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The third volume of the Wolverhampton Watch Committee minute books covers the period 1916 – 1917, with the fourth volume extending up to 1918.

This volume discussed future arrangements for air raids, including covering communications about possible raids to explosive or munitions factories, as well as instructing places of worship to dismiss congregations on receipt of air raid warnings.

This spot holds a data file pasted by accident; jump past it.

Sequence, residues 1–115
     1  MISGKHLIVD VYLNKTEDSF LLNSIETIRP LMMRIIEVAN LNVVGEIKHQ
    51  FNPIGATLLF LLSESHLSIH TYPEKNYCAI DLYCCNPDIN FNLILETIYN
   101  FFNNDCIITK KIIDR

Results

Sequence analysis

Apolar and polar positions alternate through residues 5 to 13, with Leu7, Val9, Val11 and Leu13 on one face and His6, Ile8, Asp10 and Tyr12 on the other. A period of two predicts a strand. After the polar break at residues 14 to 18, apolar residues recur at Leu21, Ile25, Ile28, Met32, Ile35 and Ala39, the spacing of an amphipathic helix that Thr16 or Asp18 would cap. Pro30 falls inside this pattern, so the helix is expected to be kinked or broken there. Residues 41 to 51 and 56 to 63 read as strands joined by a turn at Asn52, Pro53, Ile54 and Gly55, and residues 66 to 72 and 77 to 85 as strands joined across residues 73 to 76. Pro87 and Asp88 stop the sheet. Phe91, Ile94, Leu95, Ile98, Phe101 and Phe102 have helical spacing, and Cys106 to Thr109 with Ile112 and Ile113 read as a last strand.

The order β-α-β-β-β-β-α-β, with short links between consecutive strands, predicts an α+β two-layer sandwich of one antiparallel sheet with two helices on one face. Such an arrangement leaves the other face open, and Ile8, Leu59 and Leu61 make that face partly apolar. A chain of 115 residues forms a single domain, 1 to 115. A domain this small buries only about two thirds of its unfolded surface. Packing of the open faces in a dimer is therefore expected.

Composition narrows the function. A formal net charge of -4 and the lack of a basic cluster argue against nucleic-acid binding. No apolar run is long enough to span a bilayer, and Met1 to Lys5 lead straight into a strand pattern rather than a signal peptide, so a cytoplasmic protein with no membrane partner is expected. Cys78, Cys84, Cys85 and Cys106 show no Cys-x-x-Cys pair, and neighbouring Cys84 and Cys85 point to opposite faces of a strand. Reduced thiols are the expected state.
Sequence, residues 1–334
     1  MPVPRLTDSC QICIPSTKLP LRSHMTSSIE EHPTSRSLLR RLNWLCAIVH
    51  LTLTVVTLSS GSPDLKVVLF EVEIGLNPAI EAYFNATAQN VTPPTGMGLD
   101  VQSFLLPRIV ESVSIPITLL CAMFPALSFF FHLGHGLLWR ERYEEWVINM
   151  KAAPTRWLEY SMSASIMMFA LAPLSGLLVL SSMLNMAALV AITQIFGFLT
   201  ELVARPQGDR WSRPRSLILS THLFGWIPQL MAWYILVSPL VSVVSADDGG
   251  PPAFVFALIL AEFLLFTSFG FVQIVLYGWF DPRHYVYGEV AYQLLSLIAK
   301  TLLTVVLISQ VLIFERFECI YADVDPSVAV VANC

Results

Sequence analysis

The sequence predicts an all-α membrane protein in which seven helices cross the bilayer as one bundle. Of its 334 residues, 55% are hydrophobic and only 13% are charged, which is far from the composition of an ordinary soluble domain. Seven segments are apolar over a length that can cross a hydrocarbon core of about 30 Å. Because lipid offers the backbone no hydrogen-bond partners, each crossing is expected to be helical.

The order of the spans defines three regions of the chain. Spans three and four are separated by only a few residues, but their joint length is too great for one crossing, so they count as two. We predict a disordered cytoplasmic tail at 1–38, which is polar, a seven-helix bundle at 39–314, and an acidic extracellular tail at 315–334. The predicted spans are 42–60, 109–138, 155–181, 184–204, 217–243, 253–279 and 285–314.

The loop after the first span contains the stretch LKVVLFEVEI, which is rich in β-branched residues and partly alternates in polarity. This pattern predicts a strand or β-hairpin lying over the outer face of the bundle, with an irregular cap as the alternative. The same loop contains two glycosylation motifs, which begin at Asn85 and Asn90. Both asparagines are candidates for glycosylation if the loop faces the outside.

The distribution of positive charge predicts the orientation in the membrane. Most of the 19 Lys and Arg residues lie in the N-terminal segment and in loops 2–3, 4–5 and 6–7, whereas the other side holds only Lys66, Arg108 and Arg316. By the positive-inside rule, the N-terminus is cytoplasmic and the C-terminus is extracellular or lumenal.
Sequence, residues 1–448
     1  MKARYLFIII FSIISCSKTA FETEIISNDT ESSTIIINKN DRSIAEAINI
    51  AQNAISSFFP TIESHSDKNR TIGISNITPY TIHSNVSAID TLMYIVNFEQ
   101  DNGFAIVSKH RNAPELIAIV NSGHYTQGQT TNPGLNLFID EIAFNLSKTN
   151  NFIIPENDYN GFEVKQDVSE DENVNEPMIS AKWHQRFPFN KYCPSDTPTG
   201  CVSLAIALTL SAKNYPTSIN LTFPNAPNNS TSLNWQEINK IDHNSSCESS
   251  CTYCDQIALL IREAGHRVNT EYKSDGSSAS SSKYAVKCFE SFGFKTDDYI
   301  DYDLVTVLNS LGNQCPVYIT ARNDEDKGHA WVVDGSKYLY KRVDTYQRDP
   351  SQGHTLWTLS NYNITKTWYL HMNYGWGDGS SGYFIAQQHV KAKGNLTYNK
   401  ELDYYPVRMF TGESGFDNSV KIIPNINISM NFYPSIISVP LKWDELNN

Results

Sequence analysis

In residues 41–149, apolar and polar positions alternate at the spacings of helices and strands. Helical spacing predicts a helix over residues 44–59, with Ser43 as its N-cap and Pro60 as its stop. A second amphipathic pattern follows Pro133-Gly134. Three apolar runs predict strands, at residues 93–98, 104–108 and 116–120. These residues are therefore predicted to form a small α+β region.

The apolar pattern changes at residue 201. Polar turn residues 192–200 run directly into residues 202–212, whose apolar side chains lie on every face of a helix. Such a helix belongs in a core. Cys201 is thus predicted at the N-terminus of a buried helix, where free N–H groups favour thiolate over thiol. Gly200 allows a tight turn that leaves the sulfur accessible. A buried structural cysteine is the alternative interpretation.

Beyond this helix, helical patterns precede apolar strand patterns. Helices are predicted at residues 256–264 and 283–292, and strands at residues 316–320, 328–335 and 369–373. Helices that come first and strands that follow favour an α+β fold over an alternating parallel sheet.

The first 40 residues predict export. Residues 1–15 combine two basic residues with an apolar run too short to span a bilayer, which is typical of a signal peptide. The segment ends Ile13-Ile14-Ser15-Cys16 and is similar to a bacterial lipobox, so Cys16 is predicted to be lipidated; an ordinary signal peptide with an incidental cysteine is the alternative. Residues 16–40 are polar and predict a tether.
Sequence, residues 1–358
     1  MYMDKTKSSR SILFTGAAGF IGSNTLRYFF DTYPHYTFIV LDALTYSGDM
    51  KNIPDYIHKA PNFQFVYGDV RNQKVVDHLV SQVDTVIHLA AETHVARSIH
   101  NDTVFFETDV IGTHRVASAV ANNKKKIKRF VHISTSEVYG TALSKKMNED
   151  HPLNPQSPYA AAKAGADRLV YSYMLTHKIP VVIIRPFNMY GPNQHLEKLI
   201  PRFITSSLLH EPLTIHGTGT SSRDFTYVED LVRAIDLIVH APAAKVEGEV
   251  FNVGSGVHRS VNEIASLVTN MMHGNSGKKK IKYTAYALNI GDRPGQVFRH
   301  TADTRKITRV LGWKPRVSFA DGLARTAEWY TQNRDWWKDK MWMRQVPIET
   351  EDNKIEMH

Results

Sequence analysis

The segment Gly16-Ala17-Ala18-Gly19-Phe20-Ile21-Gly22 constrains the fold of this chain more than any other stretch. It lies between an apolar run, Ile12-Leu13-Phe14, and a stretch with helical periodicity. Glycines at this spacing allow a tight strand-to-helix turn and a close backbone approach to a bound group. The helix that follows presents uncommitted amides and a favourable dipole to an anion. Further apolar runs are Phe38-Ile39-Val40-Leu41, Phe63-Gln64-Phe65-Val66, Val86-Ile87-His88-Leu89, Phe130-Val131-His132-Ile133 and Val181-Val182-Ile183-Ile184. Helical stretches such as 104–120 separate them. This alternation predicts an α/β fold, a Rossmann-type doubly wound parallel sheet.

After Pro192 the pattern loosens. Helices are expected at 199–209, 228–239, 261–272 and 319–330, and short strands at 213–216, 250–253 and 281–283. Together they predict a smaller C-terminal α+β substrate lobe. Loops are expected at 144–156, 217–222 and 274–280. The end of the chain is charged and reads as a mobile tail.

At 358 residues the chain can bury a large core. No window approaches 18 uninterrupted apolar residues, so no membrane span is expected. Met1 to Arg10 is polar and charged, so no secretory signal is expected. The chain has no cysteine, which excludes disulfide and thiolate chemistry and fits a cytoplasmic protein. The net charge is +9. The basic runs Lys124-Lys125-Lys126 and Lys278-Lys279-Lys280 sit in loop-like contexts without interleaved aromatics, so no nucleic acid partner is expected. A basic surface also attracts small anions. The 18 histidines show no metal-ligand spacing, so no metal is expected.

The Committee resolved on 29 August 1918 to advertise for the appointment of Special Constables, on a voluntary basis, to assist the currently depleted police force. Their hours were not to exceed four hours per day or night, except in an emergency. Initially they asked for men above military age or those exempt from military service. The local Special Constabulary reached nearly 100 members by November 1916. This was extended in July 1917 to include women patrols as well.

As a post-script to the above, the local Special Constables were demobilised by February 1920, and their services were recognised at a dinner hosted by the Mayor in February 1919, where all members were presented with a suitable certificate.

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